But, secondly, at some point, this president will need to be able to explain and take the credit or the blame for his real wars that right now are still getting only a “no comment.”
My take-away:

1. Sources. Because I don't like it when useful source material on the Internet does not provide a full citation, I like to provide sources and links when making assertions in blog entries. Yesterday's blog entry provided no sources for the assertions that al Qaeda was probably in 60 countries, al Qaeda should be identified as the real enemy (not the Taliban), less than 100 al Qaeda are in Afghanistan, and that they and the Talaban pose no real threat to us. They were just my best estimates. The transcript, above, provides sources: President Bush: "We must uncover terrorist cells in 60 or more countries." President Obama's National Security Advisor, General James Jones: "The maximum estimate is less than 100 [al Qaeda] operating in the country, no bases, no ability to launch attacks on either us or our allies."

2. True motive. The entire transcript, beyond that quoted above, creates the sense that this entire effort, with the 30,000-troop build up, may really be just a skillfully crafted, bizarre, political, public relations approach to an exit strategy. The White House, which apparently offered the President options including immediate withdrawal, may think that a build up, followed by announced little "victories" over the Taliban of one kind and another, will insure the appearance that no one "lost their life in this useless folly of a war," and that we did not "lose" the "war in Afghanistan." We can then "declare victory and come home" -- without impliedly criticizing the judgment of President Bush or his military, and with the acceptance of Congress, American veterans and their families (including the families of those who died there), the American people, and our NATO allies.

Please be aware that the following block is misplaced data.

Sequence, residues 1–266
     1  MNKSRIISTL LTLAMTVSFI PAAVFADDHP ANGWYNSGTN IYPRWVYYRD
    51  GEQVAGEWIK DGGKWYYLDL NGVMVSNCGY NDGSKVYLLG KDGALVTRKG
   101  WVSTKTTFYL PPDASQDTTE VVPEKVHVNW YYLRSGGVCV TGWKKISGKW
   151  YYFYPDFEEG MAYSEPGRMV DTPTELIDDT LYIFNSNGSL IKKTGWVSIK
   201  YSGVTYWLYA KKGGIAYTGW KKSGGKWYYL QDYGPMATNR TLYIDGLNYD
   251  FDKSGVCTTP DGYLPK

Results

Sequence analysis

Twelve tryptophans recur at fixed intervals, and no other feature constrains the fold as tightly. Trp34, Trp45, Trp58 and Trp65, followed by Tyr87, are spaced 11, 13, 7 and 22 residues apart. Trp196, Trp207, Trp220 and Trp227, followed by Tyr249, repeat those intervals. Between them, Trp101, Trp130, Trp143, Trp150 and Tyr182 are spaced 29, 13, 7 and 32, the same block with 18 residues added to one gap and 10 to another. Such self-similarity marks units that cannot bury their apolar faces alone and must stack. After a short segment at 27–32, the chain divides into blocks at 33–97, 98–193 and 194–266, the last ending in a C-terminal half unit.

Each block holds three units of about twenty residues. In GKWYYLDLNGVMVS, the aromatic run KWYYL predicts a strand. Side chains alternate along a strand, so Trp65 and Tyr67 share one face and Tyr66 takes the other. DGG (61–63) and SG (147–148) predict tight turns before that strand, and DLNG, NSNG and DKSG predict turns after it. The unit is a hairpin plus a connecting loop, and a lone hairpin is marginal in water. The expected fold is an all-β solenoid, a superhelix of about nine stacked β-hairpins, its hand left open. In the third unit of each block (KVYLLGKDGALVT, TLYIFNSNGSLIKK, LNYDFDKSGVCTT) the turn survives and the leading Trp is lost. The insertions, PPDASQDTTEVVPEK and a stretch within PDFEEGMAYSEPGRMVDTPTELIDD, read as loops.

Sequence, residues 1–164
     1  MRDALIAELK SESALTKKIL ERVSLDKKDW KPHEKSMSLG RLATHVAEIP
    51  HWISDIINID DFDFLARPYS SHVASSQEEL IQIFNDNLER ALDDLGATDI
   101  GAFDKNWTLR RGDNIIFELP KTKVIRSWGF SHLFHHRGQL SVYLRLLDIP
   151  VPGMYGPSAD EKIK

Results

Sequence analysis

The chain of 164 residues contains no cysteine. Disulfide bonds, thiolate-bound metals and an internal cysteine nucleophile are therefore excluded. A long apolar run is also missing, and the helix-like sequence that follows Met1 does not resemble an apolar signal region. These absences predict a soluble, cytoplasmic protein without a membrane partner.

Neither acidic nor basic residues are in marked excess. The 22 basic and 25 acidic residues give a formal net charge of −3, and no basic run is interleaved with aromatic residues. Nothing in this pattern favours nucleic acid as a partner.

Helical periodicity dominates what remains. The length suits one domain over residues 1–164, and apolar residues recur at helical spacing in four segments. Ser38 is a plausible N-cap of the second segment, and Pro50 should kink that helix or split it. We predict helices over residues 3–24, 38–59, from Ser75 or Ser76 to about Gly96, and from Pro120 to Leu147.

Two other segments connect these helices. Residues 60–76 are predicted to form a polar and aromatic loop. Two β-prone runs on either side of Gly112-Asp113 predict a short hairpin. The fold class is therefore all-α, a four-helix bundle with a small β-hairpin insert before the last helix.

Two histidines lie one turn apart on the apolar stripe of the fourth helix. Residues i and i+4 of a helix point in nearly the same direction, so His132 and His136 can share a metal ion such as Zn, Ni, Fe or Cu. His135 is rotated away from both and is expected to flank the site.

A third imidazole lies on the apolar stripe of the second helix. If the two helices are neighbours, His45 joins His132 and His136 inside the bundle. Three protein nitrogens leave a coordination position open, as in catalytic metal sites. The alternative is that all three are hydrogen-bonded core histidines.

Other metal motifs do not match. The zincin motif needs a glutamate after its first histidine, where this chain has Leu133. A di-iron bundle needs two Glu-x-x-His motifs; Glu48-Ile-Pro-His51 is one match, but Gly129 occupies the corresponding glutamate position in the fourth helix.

3. The Taliban are not "the enemy" of the Afghan people, the Taliban ARE the Afghan people. NBC's Richard Engel in Afghanistan: "Only about 6 percent of the people want the Taliban to come back. But they‘re not seen as occupiers, or they‘re not seen as outsiders. They‘re seen as part of the society here that should be brought back into the fold. . . . [T]he Taliban are not, by and large, attacking civilians in this country. [C]ompared to Iraq, [where] you had market bombings, al Qaeda militants that were killing civilians by the dozens every single day . . . [in Afghanistan] it‘s mostly a conflict between the Taliban and foreign forces in this country. People are hoping that there can be some sort of reconciliation between the two." There are many lessons for the U.S. in that observation.

4. Pakistan. As has been clear from the beginning, Pakistan has nuclear weapons, Afghanistan just barely has IEDs. The shared border between Pakistan and Afghanistan is almost irrelevant. There may well be very few who even know precisely where it is, and fewer still who actually care. In a region dominated by tribal loyalties and the territories they control, it wouldn't even have to be a "porous" border. But it is that, too. So it seems the real story, the real war, is the "CIA Army and Air Force's" war in Pakistan -- the war that neither the Secretary of State nor the President are even willing to acknowledge, let alone talk about and explain to the American people.

More troops to the "war in Afghanistan"? What war in Afghanistan?

Here are links to earlier entries on some of the other hot topics from the past week or so that are now getting the most direct hits, along with links to "updates" in the form of subsequent news articles, among which may be the entries you came here looking for:
UIHC, Regents and UI.

"UI's Basketball Fees Self-Defeating," November 23, 2009